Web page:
Smack dab in the middle of a record-setting heat wave and threats of rolling blackouts, Pacific Gas and Electric announced it will close the Diablo Canyon nuclear power plant in nine years. Just like that, 10 percent of the state’s energy supply will be gone. Coupled with the closure of San Onofre, California will be nuclear-free, having lost 20 percent of its electricity supply, not counting the additional lost energy from coal and other sources by way of state mandates.

What is happening to our supply of electricity is similar to what has already happened to our water supplies; squandered resources resulting in rationing to consumers. Of course, consumers aren’t told that supplies are being rationed; instead they have been brainwashed into believing they are conserving scarce resources. The truth is California is not suffering from a water crisis due to drought any more than we will be suffering power outages due to heat waves. Our water and energy crisis is the result of policies and regulations that serve to diminish our capacity to meet our daily needs.

For all you so-called conservationists out there who are celebrating the closure, consider the following. To build the equivalent of a 2,000-megawatt nuclear plant, a solar farm would require 22,000 acres of PV solar panels and a wind farm would need 100,000 acres of wind turbines. By contrast, Diablo Canyon is able to produce that much power and more in a footprint of approximately 545 acres.

Diablo Canyon provided California with 22 percent of its clean energy and more than double the electricity produced by all the solar panels in the state combined. And, might I add, nuclear power emits no greenhouse gas emissions. Moreover, we are losing one of the most reliable base load sources of power, along with the 1,500 best-paying jobs on the Central Coast, a facility that represents $1 billion annually in economic activity, and the utter decimation of the property tax base for the county of San Luis Obispo and nearby schools.

One of the death knells of all power plants, nuclear and otherwise, located along our coastline, was the requirement to install cooling towers to cool the water used in the plants before returning it to the ocean. This requirement was expected to cost Diablo billions. Spending that much money for nothing in return is similar to Gov. Jerry Brown wanting $15 billion for the twin tunnels to convey state water. Neither of these expenditures create additional supply.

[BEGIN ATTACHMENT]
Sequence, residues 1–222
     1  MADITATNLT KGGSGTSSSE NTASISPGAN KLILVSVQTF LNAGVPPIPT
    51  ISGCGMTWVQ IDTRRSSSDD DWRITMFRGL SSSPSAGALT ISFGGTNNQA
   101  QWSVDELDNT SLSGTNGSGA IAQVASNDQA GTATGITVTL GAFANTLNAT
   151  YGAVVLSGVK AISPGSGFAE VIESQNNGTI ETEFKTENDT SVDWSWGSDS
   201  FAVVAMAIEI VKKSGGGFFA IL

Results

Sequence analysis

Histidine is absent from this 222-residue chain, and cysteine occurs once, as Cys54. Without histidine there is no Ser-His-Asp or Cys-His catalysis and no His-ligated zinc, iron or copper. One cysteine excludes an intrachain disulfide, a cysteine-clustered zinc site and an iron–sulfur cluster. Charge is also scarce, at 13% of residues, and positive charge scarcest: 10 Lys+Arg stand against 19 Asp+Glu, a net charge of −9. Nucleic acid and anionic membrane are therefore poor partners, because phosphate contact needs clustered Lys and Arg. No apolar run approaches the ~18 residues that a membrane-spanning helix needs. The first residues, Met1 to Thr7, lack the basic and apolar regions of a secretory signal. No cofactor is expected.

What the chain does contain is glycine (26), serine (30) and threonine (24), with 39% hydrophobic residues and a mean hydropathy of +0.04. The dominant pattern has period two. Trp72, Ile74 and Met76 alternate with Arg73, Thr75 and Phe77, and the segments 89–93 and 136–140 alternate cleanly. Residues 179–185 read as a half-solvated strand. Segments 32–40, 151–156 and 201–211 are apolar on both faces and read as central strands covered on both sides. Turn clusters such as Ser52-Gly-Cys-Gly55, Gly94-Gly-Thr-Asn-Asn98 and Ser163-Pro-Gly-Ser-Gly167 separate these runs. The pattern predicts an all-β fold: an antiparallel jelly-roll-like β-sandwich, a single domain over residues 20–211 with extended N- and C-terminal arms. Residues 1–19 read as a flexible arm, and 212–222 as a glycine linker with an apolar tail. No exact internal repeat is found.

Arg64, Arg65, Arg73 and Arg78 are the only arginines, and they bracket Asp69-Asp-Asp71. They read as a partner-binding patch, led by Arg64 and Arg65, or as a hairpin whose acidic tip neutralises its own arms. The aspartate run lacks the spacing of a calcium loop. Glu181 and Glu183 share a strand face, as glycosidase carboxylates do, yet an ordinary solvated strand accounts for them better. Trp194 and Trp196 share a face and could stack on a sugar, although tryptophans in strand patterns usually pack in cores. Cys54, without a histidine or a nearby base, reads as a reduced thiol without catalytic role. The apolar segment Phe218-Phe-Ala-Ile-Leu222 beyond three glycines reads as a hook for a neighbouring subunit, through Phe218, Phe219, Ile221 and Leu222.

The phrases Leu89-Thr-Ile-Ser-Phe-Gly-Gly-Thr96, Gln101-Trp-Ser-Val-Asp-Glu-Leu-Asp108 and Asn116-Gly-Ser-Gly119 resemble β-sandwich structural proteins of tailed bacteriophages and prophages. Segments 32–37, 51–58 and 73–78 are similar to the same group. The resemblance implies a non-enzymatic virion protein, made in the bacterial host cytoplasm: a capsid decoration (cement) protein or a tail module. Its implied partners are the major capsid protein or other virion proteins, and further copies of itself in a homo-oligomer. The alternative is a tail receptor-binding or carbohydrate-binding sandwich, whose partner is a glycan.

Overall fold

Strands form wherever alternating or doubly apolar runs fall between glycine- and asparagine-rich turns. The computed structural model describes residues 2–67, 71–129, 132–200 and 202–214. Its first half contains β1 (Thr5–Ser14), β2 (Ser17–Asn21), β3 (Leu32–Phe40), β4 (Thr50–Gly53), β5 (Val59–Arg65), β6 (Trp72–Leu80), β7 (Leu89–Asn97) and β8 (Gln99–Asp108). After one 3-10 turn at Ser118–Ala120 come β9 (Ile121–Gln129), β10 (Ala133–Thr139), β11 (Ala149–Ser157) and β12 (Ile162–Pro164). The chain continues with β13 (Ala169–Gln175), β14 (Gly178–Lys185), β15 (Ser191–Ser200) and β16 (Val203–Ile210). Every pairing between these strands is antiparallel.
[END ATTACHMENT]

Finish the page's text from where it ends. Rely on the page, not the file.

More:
The other death knell can be laid at the feet of Congressional candidate Salud Carbajal’s pet project known as Community Choice Aggregation (CCA). Community choice aggregation allows communities to leach off the transmission network of utilities such as PG&E, forcing the company to deliver electricity from other providers — in essence diffusing energy production away from the major utilities. The plan serves to collapse the vertical integration of the utilities, thereby crippling the model of energy production and delivery that has served us well.

The CCA model doesn’t rely on free market competition but on a series of regulations, subsidies and mandates that prop up renewables, which fail to deliver a base load 24/7. Aggravating our situation further is the fact that the largest wind and solar plants in California continue to go bankrupt despite the multibillion-dollar subsidies and mandates used to prop them up.

Diablo Canyon represented a safe, high-tech, renewable, and greenhouse gas-free source of power that is irreplaceable. Ironically, the plant was also poised to deliver desalinated water to the Central Coast. California will rue the day our politicians and activists served to drop this fiscal nuclear bomb, leaving us in the dark — all in the name of sustainability.

Andy Caldwell is the executive director of COLAB and host of the Andy Caldwell Radio Show, weekdays from 3-5 p.m., on News-Press Radio AM 1290.

Cross-posted at the Santa Barbara News Press.